Many sommeliers are now online influencers across social media, and that brings its own unique set of challenges. For example, customers know far more about sommeliers than ever before - not just the wines they like to drink, but also intimate details about their personal lives. On Instagram or Facebook, it’s easy for fans and followers to think that they have a one-on-one personal relationship with the sommelier, and expect to have all of their comments and suggestions at least acknowledged. While a certain amount of buzz might be welcomed, there is a point where any type of “Internet fame” can start to encroach on the daily life of any sommelier. How do you keep up with hundreds of comments on a social media post? And how do you deal with customers who leave negative reviews on social media?

Scheduling ordering and tasting appointments

Finding time in a busy schedule can be especially challenging for a sommelier who is taking over a new wine program, or who is seeking to reinvent an older program. This is where being able to manage ordering and tasting appointments can be so challenging. It’s hard to say no to suppliers or distributors who might want to call on you, but the more time that you spend sampling wines and meeting with suppliers, the less time that you have for managing the day-to-day activities of a restaurant. As a result, for many sommeliers, a maxim of “less is more” makes sense. This might mean, for example, establishing a set time every week or a specific window of time when it is possible to meet with suppliers and producers.

Creating a focus for a wine program

No matter the size of a wine list - whether it is just 10 wines or 100 wines - it can be difficult to come up with a strategic focus for the wine program. Yet, the most successful sommeliers are able to do exactly that. Often, they will have a specific wine region in mind, or a specific type of wine in mind, when they develop a wine program. This makes it much easier to make decisions about which bottles to add later. For example, if the initial focus is on small, independent local producers, then that provides a very compelling prism for which to view the entire wine program. The same is true if the focus is on organic winegrowers. Once the focus of the wine program has been established, it’s then possible to develop a full spectrum of activities that are related by a similar theme - such as wine dinners that celebrate local winemakers, or wine-food pairings that highlight organic wines on the wine list.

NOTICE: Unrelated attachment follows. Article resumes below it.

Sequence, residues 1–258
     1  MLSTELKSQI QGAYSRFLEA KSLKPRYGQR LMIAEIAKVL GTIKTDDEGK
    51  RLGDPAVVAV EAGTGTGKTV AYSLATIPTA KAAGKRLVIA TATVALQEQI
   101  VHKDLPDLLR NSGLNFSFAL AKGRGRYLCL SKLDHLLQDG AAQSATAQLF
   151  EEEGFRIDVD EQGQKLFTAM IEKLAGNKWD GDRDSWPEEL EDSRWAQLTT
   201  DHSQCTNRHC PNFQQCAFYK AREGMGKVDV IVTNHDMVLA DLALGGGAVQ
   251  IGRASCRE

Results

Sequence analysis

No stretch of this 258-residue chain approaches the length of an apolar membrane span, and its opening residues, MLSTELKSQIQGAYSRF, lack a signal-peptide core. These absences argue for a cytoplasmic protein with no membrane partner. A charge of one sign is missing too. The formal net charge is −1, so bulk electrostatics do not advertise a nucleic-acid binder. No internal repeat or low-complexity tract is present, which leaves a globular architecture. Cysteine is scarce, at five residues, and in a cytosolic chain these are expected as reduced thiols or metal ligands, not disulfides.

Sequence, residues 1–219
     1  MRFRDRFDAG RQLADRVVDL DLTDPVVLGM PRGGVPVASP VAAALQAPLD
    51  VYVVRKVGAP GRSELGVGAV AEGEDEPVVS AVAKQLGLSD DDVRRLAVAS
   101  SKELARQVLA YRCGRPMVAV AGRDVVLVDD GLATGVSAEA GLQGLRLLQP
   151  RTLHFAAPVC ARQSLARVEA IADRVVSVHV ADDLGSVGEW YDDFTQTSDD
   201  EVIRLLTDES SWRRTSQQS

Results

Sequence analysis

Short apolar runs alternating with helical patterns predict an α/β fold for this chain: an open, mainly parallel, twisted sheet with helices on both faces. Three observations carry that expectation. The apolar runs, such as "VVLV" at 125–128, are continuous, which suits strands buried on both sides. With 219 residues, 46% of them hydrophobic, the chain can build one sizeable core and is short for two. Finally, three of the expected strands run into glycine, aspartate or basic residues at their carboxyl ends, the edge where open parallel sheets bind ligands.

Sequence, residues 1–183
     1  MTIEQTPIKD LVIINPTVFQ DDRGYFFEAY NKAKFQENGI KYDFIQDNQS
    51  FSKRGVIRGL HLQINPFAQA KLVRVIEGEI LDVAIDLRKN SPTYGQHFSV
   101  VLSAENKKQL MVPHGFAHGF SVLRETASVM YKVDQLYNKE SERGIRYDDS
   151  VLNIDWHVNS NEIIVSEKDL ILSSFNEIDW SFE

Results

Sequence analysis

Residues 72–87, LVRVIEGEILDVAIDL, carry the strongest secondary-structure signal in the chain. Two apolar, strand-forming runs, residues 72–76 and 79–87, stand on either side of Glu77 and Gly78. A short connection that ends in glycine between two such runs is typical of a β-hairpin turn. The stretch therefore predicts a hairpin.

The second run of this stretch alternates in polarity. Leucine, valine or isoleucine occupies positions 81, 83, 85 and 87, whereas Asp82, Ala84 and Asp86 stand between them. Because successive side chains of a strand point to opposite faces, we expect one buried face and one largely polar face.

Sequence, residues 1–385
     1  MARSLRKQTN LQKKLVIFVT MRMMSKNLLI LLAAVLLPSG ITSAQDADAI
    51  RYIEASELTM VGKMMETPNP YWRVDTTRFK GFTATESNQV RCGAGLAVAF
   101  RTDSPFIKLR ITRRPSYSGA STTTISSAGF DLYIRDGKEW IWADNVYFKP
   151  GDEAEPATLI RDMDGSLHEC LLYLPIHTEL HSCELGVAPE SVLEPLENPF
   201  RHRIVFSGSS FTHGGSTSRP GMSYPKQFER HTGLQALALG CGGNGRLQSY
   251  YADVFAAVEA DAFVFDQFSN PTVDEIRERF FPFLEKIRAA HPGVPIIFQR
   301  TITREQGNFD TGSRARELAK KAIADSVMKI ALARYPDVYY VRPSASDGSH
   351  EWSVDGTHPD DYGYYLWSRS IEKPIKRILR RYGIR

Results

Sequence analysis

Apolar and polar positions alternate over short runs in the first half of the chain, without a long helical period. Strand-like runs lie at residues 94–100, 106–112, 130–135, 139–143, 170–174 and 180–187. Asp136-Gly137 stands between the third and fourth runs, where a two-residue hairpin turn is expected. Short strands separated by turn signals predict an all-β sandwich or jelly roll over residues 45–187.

Developing a profitable wine program

At the end of the day, a wine program needs to be profitable, and this is perhaps the biggest challenge facing winemakers. How can they ensure the profitability of their wine program? One big focus here needs to be a clear decision on which wines to include on the by-the-glass (BTG) list, and which wines to include on the by-the-bottle (BTB) list. Once this decision has been made, it’s also time to decide on the markups and margins for each of these wines. In the best of all possible worlds, sommeliers will be able to provide plenty of value to their customers, while still ensuring that their wine program is as profitable as possible.

On a daily basis, sommeliers face a surprising number of challenges. Whether it is finding time in a busy schedule for tasting appointments and meetings with suppliers, or finding new ways to maximize the profitability of a restaurant’s wine list, there is a lot that goes into being a successful sommelier.